Monday, May 15, 2017


Chicago University Press
THE GENERALIST started reading this book the same weekend that Trump tweeted the single word 'We'. - his first and only message of unity. The tweet was quickly deleted and, according to, 'Twitter users seized onto the mistaken tweet by turning into a full sentence or offering mock interpretations of the word's meaning', 

Coincidence? I don't think so. What goes around comes around and individualism gets boring after a while. Are we witnessing a Me to We movement?
American prof Ronald Aronson's title reference comes from the dystopian novel We by Evgeny Zamyatin (1924) which depicts a totalitarian society of the future that oppresses its inhabitants. Aronson suggests that - in a sense,in our time -  'it is now society and its most vital purposes that are under assault by its individuals'

This brief book (just under 200pp including annotated references) represents, he says, 'a lifetime of writing, reflection, teaching and political action'. Distilled Elder wisdom?

Well Aronson has two mentors - Herbert Marcuse , author of  'One Dimensional Man', with whom he studied the history of ideas at Brandeis University [a private university in Waltham, Massachusetts] and Jean Paul Sartre, whose ideas, Aronson writes, !I have interacted with for fifty years'. Another of his many books documents the friendship and fallout of Sartre and Camus.

'Hope is in Peril' is the title of Chapter 1: 'Today we are losing hope of a better society and a better world, and even the collective consciousness that can pose such goals.'  What's more, we're losing hope in progress, which Aronson says, reached its peak during 'the thirty glorious years of 1945-75'.

He asks 'what has become of the great political and historical goal of making our collective life better, of doing away with repression, of creating conditions in which all human can finally breathe easily? What has become of the common good?'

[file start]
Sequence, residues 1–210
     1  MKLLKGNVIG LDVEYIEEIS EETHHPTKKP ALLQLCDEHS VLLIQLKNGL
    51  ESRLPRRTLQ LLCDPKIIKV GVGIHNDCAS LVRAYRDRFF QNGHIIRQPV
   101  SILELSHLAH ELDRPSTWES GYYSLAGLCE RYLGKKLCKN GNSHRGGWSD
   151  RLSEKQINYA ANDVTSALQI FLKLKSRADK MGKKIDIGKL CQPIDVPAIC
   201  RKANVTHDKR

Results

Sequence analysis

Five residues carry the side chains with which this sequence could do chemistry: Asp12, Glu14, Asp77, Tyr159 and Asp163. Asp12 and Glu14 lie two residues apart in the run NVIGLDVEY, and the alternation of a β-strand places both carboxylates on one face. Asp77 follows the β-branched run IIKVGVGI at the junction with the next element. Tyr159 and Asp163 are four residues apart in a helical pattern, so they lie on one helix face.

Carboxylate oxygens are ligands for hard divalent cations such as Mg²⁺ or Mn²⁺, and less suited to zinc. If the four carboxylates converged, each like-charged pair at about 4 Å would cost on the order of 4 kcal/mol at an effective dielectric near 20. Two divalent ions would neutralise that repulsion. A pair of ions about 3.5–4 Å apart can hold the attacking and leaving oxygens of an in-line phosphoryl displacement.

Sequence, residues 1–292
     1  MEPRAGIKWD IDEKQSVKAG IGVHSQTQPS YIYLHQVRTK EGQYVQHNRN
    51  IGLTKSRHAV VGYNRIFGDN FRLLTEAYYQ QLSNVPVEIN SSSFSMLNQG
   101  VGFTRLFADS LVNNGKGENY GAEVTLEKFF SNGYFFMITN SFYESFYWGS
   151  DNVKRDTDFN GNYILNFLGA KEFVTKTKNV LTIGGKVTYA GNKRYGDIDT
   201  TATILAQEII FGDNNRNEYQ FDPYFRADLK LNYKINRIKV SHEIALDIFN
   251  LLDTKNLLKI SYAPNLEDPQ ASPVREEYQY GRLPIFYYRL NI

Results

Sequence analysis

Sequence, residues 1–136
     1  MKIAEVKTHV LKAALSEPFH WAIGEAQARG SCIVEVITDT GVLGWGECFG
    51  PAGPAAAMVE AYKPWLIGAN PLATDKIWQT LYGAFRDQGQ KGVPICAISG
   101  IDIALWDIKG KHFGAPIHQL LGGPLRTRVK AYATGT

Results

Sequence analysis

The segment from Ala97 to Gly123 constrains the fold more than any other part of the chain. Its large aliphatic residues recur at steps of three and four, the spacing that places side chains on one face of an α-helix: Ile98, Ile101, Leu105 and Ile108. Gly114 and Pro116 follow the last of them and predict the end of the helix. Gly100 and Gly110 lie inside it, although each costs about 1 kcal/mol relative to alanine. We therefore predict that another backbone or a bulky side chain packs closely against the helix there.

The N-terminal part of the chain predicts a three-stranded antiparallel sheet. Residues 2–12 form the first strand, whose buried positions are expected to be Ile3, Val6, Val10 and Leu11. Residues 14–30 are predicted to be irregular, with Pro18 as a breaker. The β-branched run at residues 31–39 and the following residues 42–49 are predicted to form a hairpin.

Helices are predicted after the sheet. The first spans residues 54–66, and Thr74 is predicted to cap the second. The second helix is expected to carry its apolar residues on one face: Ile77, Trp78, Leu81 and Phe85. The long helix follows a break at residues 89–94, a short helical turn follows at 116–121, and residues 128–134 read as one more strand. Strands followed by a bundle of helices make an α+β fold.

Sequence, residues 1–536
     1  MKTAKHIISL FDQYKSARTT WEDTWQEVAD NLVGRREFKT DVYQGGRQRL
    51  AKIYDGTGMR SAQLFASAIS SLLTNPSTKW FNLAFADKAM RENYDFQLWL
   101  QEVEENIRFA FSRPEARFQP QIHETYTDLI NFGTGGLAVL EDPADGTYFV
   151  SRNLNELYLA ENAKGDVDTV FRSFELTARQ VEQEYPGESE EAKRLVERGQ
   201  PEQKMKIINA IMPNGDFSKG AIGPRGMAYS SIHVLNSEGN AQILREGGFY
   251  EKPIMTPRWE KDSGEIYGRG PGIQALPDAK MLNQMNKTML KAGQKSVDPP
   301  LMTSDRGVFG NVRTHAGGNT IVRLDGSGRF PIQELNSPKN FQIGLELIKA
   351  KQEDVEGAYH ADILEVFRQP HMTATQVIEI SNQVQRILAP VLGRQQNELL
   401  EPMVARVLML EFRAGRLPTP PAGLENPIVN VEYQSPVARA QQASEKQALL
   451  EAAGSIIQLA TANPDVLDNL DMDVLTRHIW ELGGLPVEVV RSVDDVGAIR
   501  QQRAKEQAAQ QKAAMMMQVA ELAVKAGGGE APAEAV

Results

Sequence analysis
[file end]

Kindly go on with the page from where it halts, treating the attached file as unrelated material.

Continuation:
Aronson is upfront about the fact that he is writing this book 'in an unrepentant mood, as a political and philosophical partisan of the modern left project'. Near the end he admits that many of the ideas he espouses have a 'specific political coloration'. Why, people ask, is social hope a particularly left-wing disposition?
'My answer so far has been that a specific sense of empowerment, democratic participation, equality, and generosity is what the left and no one else has been about. A second answer is that the determination to connect the dots between different kinds of suffering and social  structures is equally a disposition of the left.'
I would dispute this position but that hasn't stopped me from finding a great deal of useful ideas, arguments and thought-provoking material within this heartfelt work.

What is hope?: 'Hope is neither a wholly subjective dimension of life nor a movement of events governed by iron laws. It is potency and possibility.'  'To hope', he writes 'is to have a positive expectation that a desired result may in fact come about.'

He references a number of previous works in this territory, namely 'The Principle of Hope', a 1,400 page work by Ernest Bloch, Terry Eagleton's 'Hope Without Optimism', Jonathan Lear's 'Radical Hope', Patrick Shades' 'Habit of Hope' and the one that attracted me most - Rebecca Solnit's 'Hope In The Dark' which Aronoson says 'takes the form of a series of mini-lectures to activists that aim at strengthening hope by educating them on how to see themselves, their attitudes, their activity and the width, breadth and depth of their results'. [The Generalist has a copy on the way]

He quotes Solnit, who talks about a  "vast inchoate, nameless  movement - not a political movement but a global restlessness, a pervasive shift of imagination and desire - that has recently appeared in almost every part of the world." That' sends some kind of shiver of excitement down my spine.

There's much valuable history here of various important social movements - the fight for civil rights and free speech in the US, the fight against apartheid in South Africa, industrial battles between bosses and unions, the cascading struggles for independence from colonial masters, the '68 battles in France.

'A movement exists in order to bring about certain changes', writes Aronson 'and in the process of participating or identifying with it we change in both our being and our perception.'  He tells us that Napoleon famously said 'First you commit yourself and then you see' a comment picked up Lenin a century later.

Says Aronson: 'Hope then can only be grasped by entering into it. It is something we produce amongst ourselves, in acting...The heart of the matter is in the action itself, including all the steps in organising for it, and in keeping alive the organisation that will carry out the action.'

A useful book to discuss, to meditate on, We is well-timed and helps us think more clearly about the next stage of the global transformation. And don't forget what Studs Terkel said:

 'Hope dies last'.

Source: Clip Art Fest


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